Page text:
The End of Currency as We Know It?

The growing optimism of financial institutions with blockchain technology has spurred a lot of interest within the cryptocurrency community. They’re now exploring the possibility of using cryptocurrency as a global currency, much like its real-world counterpart, but without the need for governmental intermediaries.

This, however, requires nothing short of a compromise since the technology used in cryptocurrencies, which were meant to cut off intermediaries, will now be used in the interest of banks and financial institutions they initially sought to eliminate.

 

Financial Institutions on the Use Blockchain Technology

The challenge with decentralized currency is the way which central banks create money. Cryptocurrency protocols which gave birth to Bitcoin, Ethereum, and Litecoin uses “proof of work”, hashpower/electricity to mine currencies until they reach a fixed limit. And, unlike central banks, anyone with adequate resource and hashpower can participate in the process of increasing money supply.

But not all cryptocurrencies follow this convention. Some currencies are neither mineable nor obtainable by any other means except through exchanges. Ripple (XRP), for instance, is one of those few currencies with such peculiar characteristics.

First, it has no need of miners to keep the system stable and secure, and does the exact opposite each time transactions are made: a specific unit of XRP is “destroyed” (around 0.00001 XRP or 10 “drops”) per transaction. Accordingly, this would discourage people from spamming the system. Maximum supply is programmed at 100 billion XRP, 55% of which is held in escrow.

Although “decentralized,” Ripple is backed by big institutions primarily Google (Google Ventures), and other venture capitalists such as Standard Chartered, Siam Commercial (SCB Digital Ventures), Japan’s SBI Holdings, CME Group, Seagate Technology, and Venture 51. The focus of blockchain adoption was not so much on creating a global decentralized currency envisioned by Bitcoin, but in making transactions “frictionless” and resistant to hacking.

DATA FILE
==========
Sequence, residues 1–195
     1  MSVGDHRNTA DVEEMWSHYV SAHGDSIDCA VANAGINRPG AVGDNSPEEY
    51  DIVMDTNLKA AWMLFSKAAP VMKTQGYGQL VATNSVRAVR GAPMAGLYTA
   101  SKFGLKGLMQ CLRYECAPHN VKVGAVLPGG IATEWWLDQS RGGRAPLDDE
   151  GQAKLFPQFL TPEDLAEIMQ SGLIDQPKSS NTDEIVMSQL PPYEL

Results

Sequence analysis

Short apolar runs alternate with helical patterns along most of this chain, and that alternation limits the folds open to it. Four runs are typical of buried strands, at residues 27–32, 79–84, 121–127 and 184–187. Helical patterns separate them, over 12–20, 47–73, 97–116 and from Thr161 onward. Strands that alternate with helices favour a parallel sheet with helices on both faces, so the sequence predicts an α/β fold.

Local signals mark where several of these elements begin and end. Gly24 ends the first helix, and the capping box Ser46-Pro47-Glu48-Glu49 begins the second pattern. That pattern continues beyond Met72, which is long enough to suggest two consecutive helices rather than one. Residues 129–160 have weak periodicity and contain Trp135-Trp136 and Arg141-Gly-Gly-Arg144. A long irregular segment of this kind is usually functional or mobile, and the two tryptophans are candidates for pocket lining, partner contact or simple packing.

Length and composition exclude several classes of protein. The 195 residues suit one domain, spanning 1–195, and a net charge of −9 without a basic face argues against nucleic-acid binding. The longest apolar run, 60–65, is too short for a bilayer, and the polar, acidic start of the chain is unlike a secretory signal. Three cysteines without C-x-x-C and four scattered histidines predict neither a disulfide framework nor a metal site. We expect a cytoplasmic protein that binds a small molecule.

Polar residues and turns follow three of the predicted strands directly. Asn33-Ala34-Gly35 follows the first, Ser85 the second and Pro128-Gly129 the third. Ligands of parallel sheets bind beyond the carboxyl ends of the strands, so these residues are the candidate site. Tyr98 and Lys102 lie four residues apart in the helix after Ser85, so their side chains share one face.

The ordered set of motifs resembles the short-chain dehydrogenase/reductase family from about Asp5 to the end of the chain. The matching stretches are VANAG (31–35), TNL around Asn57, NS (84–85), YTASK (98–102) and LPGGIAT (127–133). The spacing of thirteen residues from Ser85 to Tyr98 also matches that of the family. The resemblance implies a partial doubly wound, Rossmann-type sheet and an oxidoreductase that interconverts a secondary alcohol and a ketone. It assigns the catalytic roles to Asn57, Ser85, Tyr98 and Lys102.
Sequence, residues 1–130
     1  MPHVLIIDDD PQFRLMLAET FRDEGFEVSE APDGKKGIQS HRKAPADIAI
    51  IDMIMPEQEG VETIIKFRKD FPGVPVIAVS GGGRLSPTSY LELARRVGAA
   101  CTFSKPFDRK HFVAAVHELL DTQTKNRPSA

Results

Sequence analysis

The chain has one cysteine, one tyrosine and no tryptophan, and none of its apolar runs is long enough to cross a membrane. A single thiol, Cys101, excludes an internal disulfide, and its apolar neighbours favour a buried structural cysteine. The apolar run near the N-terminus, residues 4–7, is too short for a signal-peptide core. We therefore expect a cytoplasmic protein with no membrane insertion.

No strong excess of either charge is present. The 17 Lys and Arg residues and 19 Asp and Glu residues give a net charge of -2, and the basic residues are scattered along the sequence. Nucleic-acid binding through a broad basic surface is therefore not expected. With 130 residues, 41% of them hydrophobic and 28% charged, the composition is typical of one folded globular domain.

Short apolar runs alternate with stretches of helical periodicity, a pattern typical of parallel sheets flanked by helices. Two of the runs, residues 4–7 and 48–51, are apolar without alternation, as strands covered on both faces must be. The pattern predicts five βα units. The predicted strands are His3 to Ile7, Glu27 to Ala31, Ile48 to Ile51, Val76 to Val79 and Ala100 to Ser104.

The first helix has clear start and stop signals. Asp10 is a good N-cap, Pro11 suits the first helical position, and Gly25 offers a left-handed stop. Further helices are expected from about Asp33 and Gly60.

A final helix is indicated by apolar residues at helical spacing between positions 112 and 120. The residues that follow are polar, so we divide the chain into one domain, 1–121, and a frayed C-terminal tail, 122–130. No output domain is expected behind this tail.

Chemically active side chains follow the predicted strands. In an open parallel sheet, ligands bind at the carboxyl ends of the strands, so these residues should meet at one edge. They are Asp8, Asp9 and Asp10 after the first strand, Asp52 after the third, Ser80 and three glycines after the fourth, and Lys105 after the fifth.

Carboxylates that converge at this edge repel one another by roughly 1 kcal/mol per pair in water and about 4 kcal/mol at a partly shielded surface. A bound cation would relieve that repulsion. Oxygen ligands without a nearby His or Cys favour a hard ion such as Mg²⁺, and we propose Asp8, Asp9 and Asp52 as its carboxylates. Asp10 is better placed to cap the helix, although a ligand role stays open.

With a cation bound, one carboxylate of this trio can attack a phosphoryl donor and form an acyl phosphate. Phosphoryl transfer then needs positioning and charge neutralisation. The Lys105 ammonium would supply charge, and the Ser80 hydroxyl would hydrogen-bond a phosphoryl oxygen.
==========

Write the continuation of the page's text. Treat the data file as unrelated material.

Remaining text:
Banks and financial institutions loved the concept and saw in Ripple the potential of using blockchain technology to make money transfers many times faster, a lot cheaper, and more secure than conventional banking and money service business. In fact, Ripple protocol is already supported by hundreds of banks and financial businesses across the globe, including American Express and SBI Holdings.

 

Use Cases of Blockchain Technology in Business

 

Banking & Money Service

Blockchain technology is the key to solving the age-old “Byzantine General’s Problem” when it comes to trust-based peer-to-peer transactions, one of which is the problem of “double spending.” In a traditional banking system, transactions between accounts and different banks have to be cleared to preclude the possibility of fraudulent transactions going through, especially now that most transactions involve digital cash and electronic money transfers over the Internet.

Although quite secure, they’re not essentially 100% hack-proof. The Bangladesh Bank Heist of February 2016 proves the vulnerability of a centralized method of transaction over the Internet (hackers employed the Dridex malware to send instructions to the Bangladesh Bank at the Federal Reserve Bank of New York through the SWIFT network.)